Today I see so much fear in our culture.  We’re afraid to feel, we’re afraid to stand up for what we believe, we’re afraid to speak our truth. We’re afraid to say what we believe is right.  How did we get this way?  

As I reflect on my own behavior and thoughts, I think I’ve dropped into a bit of the complacency of denial and silence because it’s so pervasive.  As I’ve noticed my own disconnection, I have been working with what I need to do to bring back my fierce compassion and courage to keep open to my feelings of fear and outrage.  I am noticing how I disconnect because of my fear and how important it is to use the tools I have learned to help me work with my fear so it can guide me and teach me.

Here’s what I have noticed:  I get fearful when someone I love is in pain, hurt or suffering because I feel that pain myself.  I’m very empathic and this causes me to feel deeply.  That’s a good thing —but it can get me into trouble because I want to move that emotion away instead of just feeling it.  Fear is the tip of the iceberg of the emotions I notice — it creates a gripping inside of my stomach.  In that contraction, I often get stuck because I move too quickly into doing something instead of just being with that feeling and allowing myself to be curious.  I often forget to ask, what other emotions are there behind that fear?  

Check into yourself.  What happens inside of you?  How open are you to what’s around you in the culture?

How do you respond to your own pain?  How to do you respond to others’ pain? 


What is your antidote for fear?  How do you work with your fear?

In my Companion Workbook to A Midlife Voyage to Transformation I write, “Sometimes we need to push ourselves into our fear to realize it is actually holding us back needlessly…when we push into our fear we have to feel it fully in our bodies in a mindful way….Learning to turn towards our fear and to truly be curious about it, is a necessary practice to truly uncover our pain and heal.” (p. 45) 

This month’s practice:  Riding the Waves of Big Feelings can help you explore more about your own fear and how to listen and allow the other feelings to be there as well.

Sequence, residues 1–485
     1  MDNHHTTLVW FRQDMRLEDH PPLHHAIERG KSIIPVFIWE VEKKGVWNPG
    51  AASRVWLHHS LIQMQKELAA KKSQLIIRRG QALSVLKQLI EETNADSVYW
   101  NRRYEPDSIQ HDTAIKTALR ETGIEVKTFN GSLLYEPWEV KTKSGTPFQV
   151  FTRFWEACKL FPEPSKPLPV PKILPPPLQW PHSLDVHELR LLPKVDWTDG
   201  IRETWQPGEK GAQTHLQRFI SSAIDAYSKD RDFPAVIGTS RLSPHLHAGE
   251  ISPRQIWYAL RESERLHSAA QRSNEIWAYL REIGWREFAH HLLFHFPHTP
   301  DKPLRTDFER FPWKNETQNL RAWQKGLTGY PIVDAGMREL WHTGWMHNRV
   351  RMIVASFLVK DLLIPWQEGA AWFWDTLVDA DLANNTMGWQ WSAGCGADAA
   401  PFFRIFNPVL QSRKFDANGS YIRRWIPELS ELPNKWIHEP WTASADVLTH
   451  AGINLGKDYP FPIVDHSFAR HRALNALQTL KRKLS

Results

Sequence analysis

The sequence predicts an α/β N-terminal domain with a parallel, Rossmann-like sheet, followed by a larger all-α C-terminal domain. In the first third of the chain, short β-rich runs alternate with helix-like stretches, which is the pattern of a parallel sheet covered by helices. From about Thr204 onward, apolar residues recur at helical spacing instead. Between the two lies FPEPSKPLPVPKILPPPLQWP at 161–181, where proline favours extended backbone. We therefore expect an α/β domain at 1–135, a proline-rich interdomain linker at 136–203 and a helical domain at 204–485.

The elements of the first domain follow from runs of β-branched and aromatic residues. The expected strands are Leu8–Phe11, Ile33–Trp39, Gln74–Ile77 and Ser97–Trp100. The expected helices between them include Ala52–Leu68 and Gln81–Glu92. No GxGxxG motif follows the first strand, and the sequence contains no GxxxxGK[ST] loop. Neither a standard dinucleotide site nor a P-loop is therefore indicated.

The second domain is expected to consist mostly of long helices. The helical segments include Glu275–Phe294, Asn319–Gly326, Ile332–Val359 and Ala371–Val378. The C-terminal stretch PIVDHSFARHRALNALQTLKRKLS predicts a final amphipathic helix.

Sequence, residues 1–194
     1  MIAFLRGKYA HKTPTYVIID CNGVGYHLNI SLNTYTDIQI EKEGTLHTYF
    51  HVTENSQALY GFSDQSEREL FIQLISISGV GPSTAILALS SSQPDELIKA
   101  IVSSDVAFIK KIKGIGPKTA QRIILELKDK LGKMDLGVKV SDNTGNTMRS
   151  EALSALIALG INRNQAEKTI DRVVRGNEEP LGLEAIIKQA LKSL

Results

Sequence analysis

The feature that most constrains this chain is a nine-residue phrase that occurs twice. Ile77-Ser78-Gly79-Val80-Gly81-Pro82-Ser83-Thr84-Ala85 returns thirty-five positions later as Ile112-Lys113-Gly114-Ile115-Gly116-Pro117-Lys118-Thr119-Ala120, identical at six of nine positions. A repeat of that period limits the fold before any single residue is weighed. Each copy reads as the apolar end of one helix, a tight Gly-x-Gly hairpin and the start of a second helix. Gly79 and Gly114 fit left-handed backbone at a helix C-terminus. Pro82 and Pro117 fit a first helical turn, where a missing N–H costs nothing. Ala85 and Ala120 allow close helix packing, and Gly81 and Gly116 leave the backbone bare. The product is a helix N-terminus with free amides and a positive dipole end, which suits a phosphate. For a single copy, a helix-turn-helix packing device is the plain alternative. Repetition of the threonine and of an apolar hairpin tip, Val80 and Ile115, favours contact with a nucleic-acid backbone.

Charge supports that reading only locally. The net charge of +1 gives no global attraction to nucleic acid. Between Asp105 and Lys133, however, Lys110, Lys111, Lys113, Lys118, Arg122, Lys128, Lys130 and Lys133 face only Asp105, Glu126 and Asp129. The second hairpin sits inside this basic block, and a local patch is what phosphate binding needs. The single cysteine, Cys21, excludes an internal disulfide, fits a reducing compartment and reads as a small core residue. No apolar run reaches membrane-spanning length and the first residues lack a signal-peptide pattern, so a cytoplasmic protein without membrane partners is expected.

Environmental activist and author, Joanna Macy, in the OnBeing Podcast this year said, “If we can be fearless to be with our pain, it will turn.  It doesn’t stay static.  It only doesn’t change if we refuse to look at it. But when we look at fear, when we take it into our hands, just be with it and keep breathing…then it turns. It turns to reveal its other face, our pain’s other face which is our love for the world, for humanity, and for ourselves.:  What we cherish most inside of us is what our fear can show us….when we get closer to it.

This is the way that we flow into self-compassion and back out into the world.  We love the world but we also have to love ourselves because we are part of this world.   Joanna’s message requires that we experience self-compassion deeply so that we can hold our fear too.  I find that my antidote for fear is self-compassion.

When I feel fearful I try to identify that fear as it shows up in my body and notice that I need to slow down my mind immediately or I go into stories and that causes problems for me and for all of us.  So, I sit and meditate and allow my practice to create a self-soothing and loving container for me to be with everything that is here.  When I have sat for at least 30 minutes, often more, I feel freer and more open, and the contraction around my fear and feelings has dissipated.  I often give myself loving kindness phrases and comforting words before I leave my cushion.  

I hope that will explore ways to face  your fears and the deeper feelings underneath the fear as they come up.  This way, when something big happens in your life, or in our world, you will have some track record and a game plan for what works for you.  If we are all working with being more connected to ourselves and our feelings, we can begin to connect more with each other and face together the challenges of our lives on this Earth.  I hope you will join me.